Thursday, November 19, 2009

Blog Warriors vs. Terra Cotta Warriors (RT)

I was lucky to get a sneak preview of the Terra Cotta warrior exhibition opening today at the National Geographic Museum. The amazing thing about seeing these right in the heart of Washington DC is that some of the exhibits are statues from the tomb of emperor Qin Shihuangdi, who ruled between 221 and 210 BC.

I think National Geographic did a great job inviting Bloggers and photographers for a preview along with the traditional press preview that they did a few days ago.

Many of these were built painstakingly and buried along with emperor Qin Shihuangdi and were discovered in 1974 outside the Chinese  city of Xi'an in 1974. That ought to be the biggest discovery of the century.

According to the National Geographic Blog - “The average terra cotta warrior is 6 feet tall and weighs 300-400 lbs. Craftsmen sculpted individual facial features for each figure by hand. Many of the faces are thought to resemble the artists themselves or some real person or military figure. It is believed that no two faces are identical.”

Remember as you go through this exhibition ( They have a audio tour too) that these exhibits are from centuries ago and imagine the days in a land far away the painstaking labor and craftmanship that went into this and maybe we will all be inspired to do something great with our own day and art.

Here are my pictures from my visit yesterday. Details of the Exhibition are below.

Exhibition Title: “Terra Cotta Warriors: Guardians of China’s First Emperor”

Exhibition Dates: Nov. 19, 2009 – March 31, 2010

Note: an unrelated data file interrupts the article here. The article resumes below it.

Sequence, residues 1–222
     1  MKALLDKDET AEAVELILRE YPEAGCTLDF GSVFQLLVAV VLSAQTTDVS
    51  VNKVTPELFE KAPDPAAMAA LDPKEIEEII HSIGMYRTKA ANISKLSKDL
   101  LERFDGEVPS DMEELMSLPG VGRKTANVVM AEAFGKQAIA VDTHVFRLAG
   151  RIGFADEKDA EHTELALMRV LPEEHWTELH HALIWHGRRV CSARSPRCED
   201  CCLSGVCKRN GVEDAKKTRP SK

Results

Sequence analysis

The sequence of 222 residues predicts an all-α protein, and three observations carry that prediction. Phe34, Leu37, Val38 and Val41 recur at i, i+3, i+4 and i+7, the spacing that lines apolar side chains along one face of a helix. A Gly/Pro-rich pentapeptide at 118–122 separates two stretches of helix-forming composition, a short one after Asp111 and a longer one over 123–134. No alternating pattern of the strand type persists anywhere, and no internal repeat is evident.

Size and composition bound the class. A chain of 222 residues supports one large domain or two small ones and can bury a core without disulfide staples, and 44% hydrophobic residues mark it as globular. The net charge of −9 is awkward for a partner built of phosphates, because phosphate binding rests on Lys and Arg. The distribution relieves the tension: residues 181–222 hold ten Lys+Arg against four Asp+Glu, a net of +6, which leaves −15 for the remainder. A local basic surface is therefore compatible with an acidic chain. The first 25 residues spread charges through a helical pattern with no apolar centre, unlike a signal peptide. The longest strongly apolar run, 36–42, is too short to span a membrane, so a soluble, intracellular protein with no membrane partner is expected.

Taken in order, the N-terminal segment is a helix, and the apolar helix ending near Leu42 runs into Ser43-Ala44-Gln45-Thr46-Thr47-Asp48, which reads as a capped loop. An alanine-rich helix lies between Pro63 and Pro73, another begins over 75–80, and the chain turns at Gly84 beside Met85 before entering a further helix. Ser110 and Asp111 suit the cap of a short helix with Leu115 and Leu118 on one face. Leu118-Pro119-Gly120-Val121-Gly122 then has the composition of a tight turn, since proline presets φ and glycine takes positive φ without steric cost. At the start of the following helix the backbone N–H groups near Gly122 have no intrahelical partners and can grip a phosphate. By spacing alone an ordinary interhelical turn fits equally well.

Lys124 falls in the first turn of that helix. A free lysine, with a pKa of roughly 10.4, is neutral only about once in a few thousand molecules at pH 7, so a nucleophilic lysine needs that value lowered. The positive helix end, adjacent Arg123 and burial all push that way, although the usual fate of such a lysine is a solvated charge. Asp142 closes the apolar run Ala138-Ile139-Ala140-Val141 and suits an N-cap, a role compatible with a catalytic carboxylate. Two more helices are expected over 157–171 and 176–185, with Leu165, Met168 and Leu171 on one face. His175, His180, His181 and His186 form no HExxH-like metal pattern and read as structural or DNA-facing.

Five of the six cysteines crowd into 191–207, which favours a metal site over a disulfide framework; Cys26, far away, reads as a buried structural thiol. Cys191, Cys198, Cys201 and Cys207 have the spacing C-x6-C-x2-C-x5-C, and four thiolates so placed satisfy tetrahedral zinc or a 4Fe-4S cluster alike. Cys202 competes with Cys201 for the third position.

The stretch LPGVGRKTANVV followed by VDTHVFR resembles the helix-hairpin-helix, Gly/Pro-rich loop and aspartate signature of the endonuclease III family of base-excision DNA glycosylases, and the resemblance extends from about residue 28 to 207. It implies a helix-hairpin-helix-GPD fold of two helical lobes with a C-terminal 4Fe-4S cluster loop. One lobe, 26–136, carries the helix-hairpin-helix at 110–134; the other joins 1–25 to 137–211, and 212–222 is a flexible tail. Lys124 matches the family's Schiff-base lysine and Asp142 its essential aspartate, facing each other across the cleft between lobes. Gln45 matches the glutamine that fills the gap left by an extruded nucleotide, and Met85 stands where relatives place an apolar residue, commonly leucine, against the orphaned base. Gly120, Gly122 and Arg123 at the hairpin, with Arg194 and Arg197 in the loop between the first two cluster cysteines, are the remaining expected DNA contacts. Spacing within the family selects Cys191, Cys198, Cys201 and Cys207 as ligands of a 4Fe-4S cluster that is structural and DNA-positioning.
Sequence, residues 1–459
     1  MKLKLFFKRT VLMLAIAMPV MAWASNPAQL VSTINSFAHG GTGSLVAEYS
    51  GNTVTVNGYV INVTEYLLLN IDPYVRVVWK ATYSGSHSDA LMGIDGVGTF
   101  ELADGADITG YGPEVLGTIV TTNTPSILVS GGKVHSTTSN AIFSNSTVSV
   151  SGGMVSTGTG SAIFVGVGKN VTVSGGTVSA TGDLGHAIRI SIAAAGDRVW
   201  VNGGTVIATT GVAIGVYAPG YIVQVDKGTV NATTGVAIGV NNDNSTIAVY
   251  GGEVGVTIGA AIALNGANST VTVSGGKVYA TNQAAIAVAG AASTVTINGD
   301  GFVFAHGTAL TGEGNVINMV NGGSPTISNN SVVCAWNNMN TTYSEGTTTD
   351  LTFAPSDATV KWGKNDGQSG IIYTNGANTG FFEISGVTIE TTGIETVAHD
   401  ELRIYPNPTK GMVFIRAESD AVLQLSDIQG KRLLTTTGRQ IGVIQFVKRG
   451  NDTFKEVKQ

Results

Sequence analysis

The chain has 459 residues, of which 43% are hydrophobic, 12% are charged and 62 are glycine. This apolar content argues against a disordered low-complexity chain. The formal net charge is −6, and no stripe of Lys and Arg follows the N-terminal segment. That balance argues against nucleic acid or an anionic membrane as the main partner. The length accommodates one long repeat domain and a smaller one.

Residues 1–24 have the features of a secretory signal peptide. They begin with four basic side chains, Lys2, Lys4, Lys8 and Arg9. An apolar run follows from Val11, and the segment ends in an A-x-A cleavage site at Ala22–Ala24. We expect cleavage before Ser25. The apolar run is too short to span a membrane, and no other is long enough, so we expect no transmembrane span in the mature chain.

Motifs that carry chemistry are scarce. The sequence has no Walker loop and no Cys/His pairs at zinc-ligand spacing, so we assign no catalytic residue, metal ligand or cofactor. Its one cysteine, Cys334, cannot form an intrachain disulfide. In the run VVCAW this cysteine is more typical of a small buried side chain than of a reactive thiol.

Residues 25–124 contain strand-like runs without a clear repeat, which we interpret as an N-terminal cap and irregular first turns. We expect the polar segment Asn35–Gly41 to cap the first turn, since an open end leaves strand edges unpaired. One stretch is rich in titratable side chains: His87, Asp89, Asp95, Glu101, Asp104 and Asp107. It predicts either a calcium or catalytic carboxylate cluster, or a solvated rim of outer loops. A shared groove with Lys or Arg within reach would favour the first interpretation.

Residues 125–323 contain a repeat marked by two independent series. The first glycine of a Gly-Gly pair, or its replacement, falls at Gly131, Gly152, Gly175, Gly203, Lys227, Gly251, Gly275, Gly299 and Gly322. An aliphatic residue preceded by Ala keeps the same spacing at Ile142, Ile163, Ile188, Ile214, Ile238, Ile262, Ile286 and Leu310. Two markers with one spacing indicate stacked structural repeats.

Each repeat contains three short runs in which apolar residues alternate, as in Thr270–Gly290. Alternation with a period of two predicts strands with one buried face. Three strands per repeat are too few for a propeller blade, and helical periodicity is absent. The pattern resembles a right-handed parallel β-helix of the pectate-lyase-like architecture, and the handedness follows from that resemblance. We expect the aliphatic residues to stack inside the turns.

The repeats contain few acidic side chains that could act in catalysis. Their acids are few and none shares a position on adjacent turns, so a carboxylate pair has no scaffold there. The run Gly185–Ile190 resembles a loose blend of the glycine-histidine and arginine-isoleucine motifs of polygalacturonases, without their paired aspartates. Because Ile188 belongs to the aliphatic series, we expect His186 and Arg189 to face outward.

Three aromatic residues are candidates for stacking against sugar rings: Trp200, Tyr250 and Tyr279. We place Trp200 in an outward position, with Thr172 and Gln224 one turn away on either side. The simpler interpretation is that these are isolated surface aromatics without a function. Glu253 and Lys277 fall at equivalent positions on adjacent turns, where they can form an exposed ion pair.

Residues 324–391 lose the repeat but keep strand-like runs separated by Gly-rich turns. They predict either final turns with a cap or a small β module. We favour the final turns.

Web Site:

Overview: “Terra Cotta Warriors: Guardians of China’s First Emperor” features the largest number of terra cotta figures ever to travel to the United States for a single exhibition. The exhibition showcases 15 terra cotta figures from the tomb of China’s First Emperor, Qin Shihuangdi, who ruled from 221 B.C to 210 B.C., including nine terra cotta warriors, two musicians, a strongman, a court official, a stable attendant and a horse. The exhibition features 100 sets of artifacts in all, including weapons, stone armor, coins, jade ornaments, roof tiles and decorative bricks, and a bronze crane and swan.

Organizers: The exhibition is co-organized by the Bowers Museum, Houston Museum of Natural Science and the National Geographic Museum, and is guest curated by Dr. Albert E. Dien, professor emeritus, Stanford University.

Sponsors: The exhibition is supported by American Airlines; Amtrak; Washington, D.C.’s Loews Madison Hotel; P.F. Chang’s China Bistro; The PIMCO Foundation; UPS; Viking River Cruises; and WTOP.


National Geographic Museum

1145 17th Street NW

Washington, DC 20036

Hours: The exhibition is open daily from 10 a.m. to 6 p.m., with extended hours on Wednesdays until 9 p.m. The National Geographic Museum is closed on Dec. 25.

Admission: Tickets are timed and dated and can be purchased online at the Buy Tickets page of the exhibition Web site, by phone at (202) 857-7700 and at the National Geographic Museum ticket booth located at the exhibition’s entrance or at the National Geographic ticket office, 1600 M Street, N.W., Washington, D.C.

Ticket prices are $12 for adults; $10 for seniors, students, military personnel and National Geographic members; and $6 for children ages 2-12. Children under age 2 are admitted free. A companion audio tour, offered in English, Mandarin and Spanish, is available for $5.

Prices for groups of 10 or more are $8 per ticket, and K-12 school groups are $6 per person with one free adult ticket for each group of 10 students. For more information on group sales, call (202) 857-7281.

The PIMCO Foundation will provide 200 free, same-day tickets each Wednesday evening during the exhibition’s run. These tickets will be distributed at 5:30 p.m. for the 6 p.m. viewing on a first-come, first-served basis at the museum, with a limit of two tickets per person.

Terracotta Warrior and a 4 yr old

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